Archiver > GENEALOGY-DNA > 2005-04 > 1114291616

Subject: Re: [DNA] O2, I, R1b? - Need to SNP
Date: Sat, 23 Apr 2005 21:26:56 +0000


I think you are a lone voice calling in the wilderness. Not a single population geneticist I know would agree with you - not one. Are they all out to lunch? Can you offer me the name of a respected published geneticist who would agree with you? More markers could simply mean more confusion since Y-STRs mutate.

How many people on this List have the expertise you have to "read" a haplogroup from a haplotype - right, a couple at most and I am not one of them. Are you prepared to give each person who questions their haplogroup assignment the benefit of your expertise? How much do you know about E3a? Can you guarantee an accuracy rate comparable to the real mccoy - a real SNP?

How about this for a way to end the debate. A person (with permission) will provide you with their haplotype, you make a haplogroup assignment based on as many markers as they can give you, you send your prediction to the person, the DNA sample is SNP tested, and they report the two values and so we find out whether your accuracy rate is 100% or close. But Ken, even if we were to find that you had a "gift" in making these predictions, what are people supposed to do if you are unavailable? Who do you suggest can fill your shoes? I have not heard anyone else on the List claim to be able to go head to head with a SNP test and hit the target dead center each time. Truthfully I think that this is an absolutely impossible feat.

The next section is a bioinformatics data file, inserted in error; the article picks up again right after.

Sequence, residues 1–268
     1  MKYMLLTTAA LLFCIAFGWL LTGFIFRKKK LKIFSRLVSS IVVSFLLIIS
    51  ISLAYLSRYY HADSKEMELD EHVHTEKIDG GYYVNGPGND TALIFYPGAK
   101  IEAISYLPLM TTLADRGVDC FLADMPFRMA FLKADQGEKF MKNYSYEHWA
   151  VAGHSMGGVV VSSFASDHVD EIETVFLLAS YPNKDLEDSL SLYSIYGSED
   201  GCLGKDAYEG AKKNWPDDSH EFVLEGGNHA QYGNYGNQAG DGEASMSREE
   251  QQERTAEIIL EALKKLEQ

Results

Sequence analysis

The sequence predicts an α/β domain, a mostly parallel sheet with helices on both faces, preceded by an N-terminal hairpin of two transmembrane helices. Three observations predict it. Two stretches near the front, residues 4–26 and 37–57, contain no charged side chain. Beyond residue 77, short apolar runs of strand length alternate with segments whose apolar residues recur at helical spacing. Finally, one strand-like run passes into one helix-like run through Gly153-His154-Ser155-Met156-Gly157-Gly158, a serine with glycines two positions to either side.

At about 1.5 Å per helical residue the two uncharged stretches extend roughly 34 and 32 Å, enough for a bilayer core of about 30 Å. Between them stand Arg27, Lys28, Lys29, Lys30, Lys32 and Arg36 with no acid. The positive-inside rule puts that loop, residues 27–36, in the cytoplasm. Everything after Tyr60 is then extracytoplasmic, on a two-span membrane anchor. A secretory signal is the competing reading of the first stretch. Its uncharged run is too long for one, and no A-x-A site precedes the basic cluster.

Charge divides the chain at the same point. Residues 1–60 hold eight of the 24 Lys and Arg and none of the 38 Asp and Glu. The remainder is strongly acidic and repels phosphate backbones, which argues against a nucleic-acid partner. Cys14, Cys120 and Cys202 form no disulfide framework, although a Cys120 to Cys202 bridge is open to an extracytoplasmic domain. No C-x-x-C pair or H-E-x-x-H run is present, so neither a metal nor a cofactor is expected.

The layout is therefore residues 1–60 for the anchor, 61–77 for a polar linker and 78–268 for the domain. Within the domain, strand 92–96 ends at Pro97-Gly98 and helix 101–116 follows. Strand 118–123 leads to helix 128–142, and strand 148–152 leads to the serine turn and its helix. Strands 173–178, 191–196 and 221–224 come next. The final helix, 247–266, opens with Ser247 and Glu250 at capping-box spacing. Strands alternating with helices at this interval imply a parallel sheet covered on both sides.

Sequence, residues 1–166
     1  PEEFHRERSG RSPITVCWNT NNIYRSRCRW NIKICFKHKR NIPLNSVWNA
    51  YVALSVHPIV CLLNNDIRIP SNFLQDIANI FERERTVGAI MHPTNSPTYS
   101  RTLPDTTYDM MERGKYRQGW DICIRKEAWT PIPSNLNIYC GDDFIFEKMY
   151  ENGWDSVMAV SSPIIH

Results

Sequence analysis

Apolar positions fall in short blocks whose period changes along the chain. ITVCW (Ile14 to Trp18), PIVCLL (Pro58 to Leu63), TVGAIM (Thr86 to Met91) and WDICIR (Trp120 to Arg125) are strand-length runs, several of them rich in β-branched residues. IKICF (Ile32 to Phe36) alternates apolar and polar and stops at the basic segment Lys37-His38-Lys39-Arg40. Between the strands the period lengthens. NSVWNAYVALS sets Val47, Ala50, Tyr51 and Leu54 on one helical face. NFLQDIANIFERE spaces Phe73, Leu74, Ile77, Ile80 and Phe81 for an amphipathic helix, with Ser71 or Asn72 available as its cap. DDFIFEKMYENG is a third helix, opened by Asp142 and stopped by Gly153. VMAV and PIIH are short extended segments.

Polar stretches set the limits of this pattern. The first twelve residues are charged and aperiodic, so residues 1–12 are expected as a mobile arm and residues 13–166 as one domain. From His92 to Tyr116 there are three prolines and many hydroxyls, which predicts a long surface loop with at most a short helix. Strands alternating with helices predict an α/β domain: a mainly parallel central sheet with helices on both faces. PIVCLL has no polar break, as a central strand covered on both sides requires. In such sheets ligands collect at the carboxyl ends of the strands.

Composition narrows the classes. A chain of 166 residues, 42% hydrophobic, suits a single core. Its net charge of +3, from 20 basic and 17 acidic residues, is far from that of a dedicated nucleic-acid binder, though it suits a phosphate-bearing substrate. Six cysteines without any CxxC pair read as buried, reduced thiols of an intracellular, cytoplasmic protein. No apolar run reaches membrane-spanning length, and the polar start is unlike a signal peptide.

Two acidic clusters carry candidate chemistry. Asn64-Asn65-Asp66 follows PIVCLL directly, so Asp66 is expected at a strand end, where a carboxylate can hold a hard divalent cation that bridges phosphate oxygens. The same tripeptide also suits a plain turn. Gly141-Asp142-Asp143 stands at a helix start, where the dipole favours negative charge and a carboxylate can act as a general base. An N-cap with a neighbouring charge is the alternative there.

David F.

-------------- Original message --------------

> I think this dispute is going to get repetitive (and boring to List
> veterans) if we don't come to some understanding of the ground rules. Yet
> there are always new people who come to participate in or lurk on the List
> discussions, and perhaps are seeking advice about what to do next, etc. So
> I simply can not turn the List over to those pushing for costly SNP tests
> in those situations when I don't believe they serve much purpose except
> enrich those who produce the SNP measurements.
> It seems to me a lot is being concluded on anecdotal messages in this
> immediate discussion. We have not seen the haplotype designated O2 (by
> whom?) which is now believed to be I by FTDNA? (if I remember the erased
> portion of the thread correctly). Seeing the data could help us decide
> whether there was real ambiguity, how short the haplotype was, or just weak
> prediction.
> Starting upstream (how far upstream?) is also not in my opinion the most
> efficient strategy in most cases to perform SNP tests if you resort to that.
> Test the most likely downstream SNP first; success there ends the story and
> expense. Only a negative then should send you back upstream a step.
> I don't sell SNPs or STRs or predictions. But as long as I am a regular
> participant on the List I will not remain silent when excessively general
> advice to immediately resort to SNP testing, particularly upstream, is
> given on the List. Peoples' thirst for more information can in most cases
> be better served by advising them to get more STR markers measured.
> Ken N

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